Caution is warranted especially because of the sorry history of negative trials in this area. It’s possible of course that the St. Jude device is superior to the failed STARFlex Septal Closure System from the now-defunct NMT Medical, but until it can be convincingly demonstrated otherwise the burden of proof lies with those who advocate the continued use of these devices. But the Merrill analyst believes that positive results from RESPECT could spark greater usage in Europe (where the device is already available, despite the complete absence of evidence supporting its use) and greater usage in the US of “other STJ closure technologies,” since many US physicians “believe in the mechanism and the technology as a valid tool to prevent strokes.”
But let’s remember the NEJM editorial by S. Claiborne Johnston that accompanied the Closure 1 trial earlier this year in which he outlined some of the troubling issues raised by the trial. Because of off-label use of closure devices, enrollment in the trial took 5 years and forced a reduction in the sample size of the trial. He continued:
During the 9 years it took for the results of this trial to be reported, approximately 80,000 patients have had a patent foramen ovale closed with the use of a device at an average cost of $10,000 per procedure. Even if only half these patients were treated by this method for the purpose of preventing stroke, it would suggest that during that period of time $400 million was spent on a procedure that had no apparent benefit, to say nothing of the potential clinical risks involved. By limiting the use of device closure to within the remaining clinical trials, such an expense could be curtailed and completion of these trials might be accelerated. In this setting, a strategy of withholding reimbursement for unproven device therapy unless such treatment is part of a randomized trial seems justified.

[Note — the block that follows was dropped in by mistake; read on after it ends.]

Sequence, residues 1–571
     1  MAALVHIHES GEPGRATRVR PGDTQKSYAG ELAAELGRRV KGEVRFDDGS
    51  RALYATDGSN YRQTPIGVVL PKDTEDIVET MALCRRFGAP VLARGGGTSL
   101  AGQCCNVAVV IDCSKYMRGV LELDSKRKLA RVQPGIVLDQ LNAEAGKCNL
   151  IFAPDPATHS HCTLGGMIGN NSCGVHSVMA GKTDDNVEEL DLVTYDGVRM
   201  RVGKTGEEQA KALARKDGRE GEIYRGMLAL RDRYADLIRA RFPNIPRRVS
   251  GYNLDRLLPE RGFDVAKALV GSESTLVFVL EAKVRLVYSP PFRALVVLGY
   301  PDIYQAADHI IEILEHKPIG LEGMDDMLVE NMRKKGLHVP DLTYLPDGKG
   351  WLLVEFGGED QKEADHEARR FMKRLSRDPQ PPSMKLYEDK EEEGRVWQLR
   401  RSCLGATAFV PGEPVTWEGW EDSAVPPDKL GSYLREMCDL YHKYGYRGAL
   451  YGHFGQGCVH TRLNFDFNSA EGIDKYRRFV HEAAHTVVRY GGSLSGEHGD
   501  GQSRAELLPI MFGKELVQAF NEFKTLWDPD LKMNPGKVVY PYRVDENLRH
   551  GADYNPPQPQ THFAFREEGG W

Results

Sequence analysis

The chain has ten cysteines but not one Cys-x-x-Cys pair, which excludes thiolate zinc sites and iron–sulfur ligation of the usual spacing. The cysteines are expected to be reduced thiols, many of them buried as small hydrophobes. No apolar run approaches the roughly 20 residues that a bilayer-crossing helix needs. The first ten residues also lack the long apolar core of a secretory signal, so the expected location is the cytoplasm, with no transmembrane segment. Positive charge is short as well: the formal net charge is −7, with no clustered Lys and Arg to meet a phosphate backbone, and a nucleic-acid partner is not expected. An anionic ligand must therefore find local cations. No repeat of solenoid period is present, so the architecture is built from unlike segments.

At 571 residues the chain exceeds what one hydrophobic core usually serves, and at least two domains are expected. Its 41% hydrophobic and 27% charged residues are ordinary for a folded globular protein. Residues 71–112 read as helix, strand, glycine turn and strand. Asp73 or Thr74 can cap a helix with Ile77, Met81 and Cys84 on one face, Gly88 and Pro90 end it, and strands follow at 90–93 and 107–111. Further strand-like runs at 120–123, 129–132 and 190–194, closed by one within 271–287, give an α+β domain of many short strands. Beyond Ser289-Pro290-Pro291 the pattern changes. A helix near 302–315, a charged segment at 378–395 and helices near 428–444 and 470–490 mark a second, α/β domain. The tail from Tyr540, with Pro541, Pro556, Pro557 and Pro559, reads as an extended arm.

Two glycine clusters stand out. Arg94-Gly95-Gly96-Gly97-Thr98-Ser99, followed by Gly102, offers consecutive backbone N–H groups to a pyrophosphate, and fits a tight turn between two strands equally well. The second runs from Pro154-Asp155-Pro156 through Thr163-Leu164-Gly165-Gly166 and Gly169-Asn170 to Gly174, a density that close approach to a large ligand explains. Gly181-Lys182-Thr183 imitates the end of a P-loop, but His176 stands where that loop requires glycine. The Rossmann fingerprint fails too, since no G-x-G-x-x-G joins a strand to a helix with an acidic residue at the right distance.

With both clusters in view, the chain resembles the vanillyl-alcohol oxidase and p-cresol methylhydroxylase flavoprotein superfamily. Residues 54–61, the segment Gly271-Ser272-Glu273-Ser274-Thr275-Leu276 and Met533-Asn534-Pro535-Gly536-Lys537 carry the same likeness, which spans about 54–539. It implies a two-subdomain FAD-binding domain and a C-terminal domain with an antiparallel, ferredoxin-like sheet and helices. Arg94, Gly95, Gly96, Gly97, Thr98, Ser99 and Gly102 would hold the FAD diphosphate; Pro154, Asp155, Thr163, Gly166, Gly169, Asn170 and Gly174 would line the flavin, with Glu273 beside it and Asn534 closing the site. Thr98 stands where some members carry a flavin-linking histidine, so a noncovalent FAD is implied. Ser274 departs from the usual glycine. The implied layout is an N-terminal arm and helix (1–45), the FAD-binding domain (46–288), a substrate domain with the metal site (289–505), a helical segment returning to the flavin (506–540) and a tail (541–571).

There are more reasons to be skeptical. Although Starks was quick to bring up RESPECT, he was silent about another St. Jude PFO Closure trial, the European-based PC-Trial, which was finished and had completed its followup before the RESPECT trial. To date the company has yet to release any information about the results of the trial.
The entire case, I think, highlights the importance of restoring the system whereby trial investigators, and not companies, present the results of clinical trials. It’s not a perfect system by any means. But it’s a lot better than the alternative offered here by St. Jude’s CEO.
I’ve asked for comments from St. Jude, the RESPECT trial investigators, and other experts. I’ll update this story as necessary.
Update: Shortly after publication of the above story I received the following statement from St. Jude in response to an earlier request. I will leave it for my readers to decide whether this adequately addresses the issues I’ve raised.
St. Jude Medical has previously expressed confidence in our RESPECT program because of fundamental differences in clinical trial design, patient selection, and device design compared to competitive programs. Mr. Starks was reiterating this confidence and optimism that because of these differences, the outcomes of the RESPECT trial would be different than prior randomized trials. We have also publically indicated our intention to file the PFO PMA before the end of this year which, of course, requires the Company to have visibility into the data in order to perform the required analysis. Mr. Starks’ statement that we are now unblinded to the data is intended to be nothing more than a reflection of the fact that we are analyzing the data for the PMA submission. In his comments, there was no specific data or endpoint information disclosed. It would be our intention to issue a press release, including formal statements by the Steering Committee membership, at the same time the RESPECT clinical trial results are presented or published, which, as Mr. Starks indicated, will likely occur during the TCT meeting.
The PC Trial is an investigator-sponsored trial, funded by St. Jude Medical. You would need to contact the trial sponsors for further information about the presentation of results.